Thursday, October 26, 2006

More violence in French suburbs.

Tomorrow is the the anniversary of the riots that shook France’s impoverished suburbs and as we said earlier this week, tension has been growing in those areas.

Last Sunday, a group of youths forced passengers off a bus before setting it alight and then stoning fire fighters. Yesterday two other similar incidents took place near Paris and another one in the suburb of Lyon:

Masked assailants torched buses in the western Paris suburb of Nanterre and the eastern suburb of Bagnolet but passengers fled before the flames engulfed the vehicles. Television footage showed the burnt-out wrecks.
An empty, parked private coach was set on fire in Venissieux, a suburb of the eastern city of Lyon, and three youths ordered passengers off a bus in Athis Mons, south of Paris, and tried without success to set it on fire. (Swissnfo)

Then of course, the French political leaders are big on words:

"We cannot accept the unacceptable ... We refuse to see no-go zones created in our country," Prime Minister Dominique de Villepin told his monthly news conference. "There will be arrests and immediate, exemplary punishment."

Well, the French PM may very well refuse whatever he wants but the facts remain. Those attacks are, if nothing else, another sign of the failure of the ruling political majority after nearly five years at the head of the country.

A few ays ago, the French newspaper Le Figaro reported what the intelligence service of the French police said:

"Today, a certain amount of feverishness is very perceptible among some of the town's youths, who have become critical of the work done by local associations and the purpose of the projects started on their behalf." Thus, there are allegedly many who perceived the opening of a Youth Club as a stop-gap measure. The document, which deplores the state of mind of a "youth fringe in the housing projects" of Clichy as well as Montfermeil, who are described as "deliberately hostile to any change of focus", states that "it is to be feared that tension will increase as we get closer to 27 October". (source)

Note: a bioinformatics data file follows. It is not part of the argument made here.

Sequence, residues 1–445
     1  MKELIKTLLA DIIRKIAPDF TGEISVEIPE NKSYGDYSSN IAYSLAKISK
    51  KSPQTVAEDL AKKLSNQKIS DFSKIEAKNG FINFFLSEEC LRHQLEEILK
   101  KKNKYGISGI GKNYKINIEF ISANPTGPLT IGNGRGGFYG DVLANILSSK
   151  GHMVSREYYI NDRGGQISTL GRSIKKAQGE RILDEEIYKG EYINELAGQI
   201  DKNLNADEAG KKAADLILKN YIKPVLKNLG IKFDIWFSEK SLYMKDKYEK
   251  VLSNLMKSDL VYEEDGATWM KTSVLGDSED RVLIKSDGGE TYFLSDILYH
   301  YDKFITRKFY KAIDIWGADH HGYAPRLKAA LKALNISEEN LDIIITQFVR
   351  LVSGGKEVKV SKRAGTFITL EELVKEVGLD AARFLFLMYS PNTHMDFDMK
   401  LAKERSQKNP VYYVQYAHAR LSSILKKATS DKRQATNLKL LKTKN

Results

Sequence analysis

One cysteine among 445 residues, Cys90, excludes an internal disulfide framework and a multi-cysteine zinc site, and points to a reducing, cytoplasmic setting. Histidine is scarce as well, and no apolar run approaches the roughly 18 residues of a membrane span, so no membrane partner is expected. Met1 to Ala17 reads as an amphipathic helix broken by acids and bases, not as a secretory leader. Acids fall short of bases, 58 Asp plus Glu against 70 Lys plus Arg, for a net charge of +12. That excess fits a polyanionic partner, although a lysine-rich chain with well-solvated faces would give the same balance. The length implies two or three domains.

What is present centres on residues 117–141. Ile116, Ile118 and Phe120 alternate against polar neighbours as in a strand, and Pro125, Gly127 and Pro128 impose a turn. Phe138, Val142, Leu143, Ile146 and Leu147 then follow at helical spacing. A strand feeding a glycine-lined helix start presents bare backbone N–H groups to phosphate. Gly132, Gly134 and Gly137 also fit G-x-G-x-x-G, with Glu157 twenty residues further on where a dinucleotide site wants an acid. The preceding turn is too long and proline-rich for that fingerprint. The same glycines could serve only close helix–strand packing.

Of course, those incidents do not necessarily mean that the same riots are about to happen. But one should be wary – this is school holiday in France for the next 10 days (and the youths in those neighborhood have more time to kill, so to speak.). What's more, we are just months away from the presidential elections and the media coverage of those events are likely to make those youths feel like tv stars and get all excited at making the headlines. It would probably take some cathartic event, though, to trigger nationwide suburban violence again, just like it did last year.

At the same time, there may be some positive consequence too: the issues of integration of minorities and social ghettoization are likely to become major political issues as the campaign heats up for next year's presidential and parliamentary elections in France.

Side-note: The French media compared the attacks to “stage-coach hold-ups”. I guess the western-movie metaphor is appealing to the French. It is also quite common in France to compare crime-ridden areas to "old-time Chicago" (meaning the Chicago of Al Capone). So no matter what happens, the U.S. is a reference to the French - not always in the best sort of way though.

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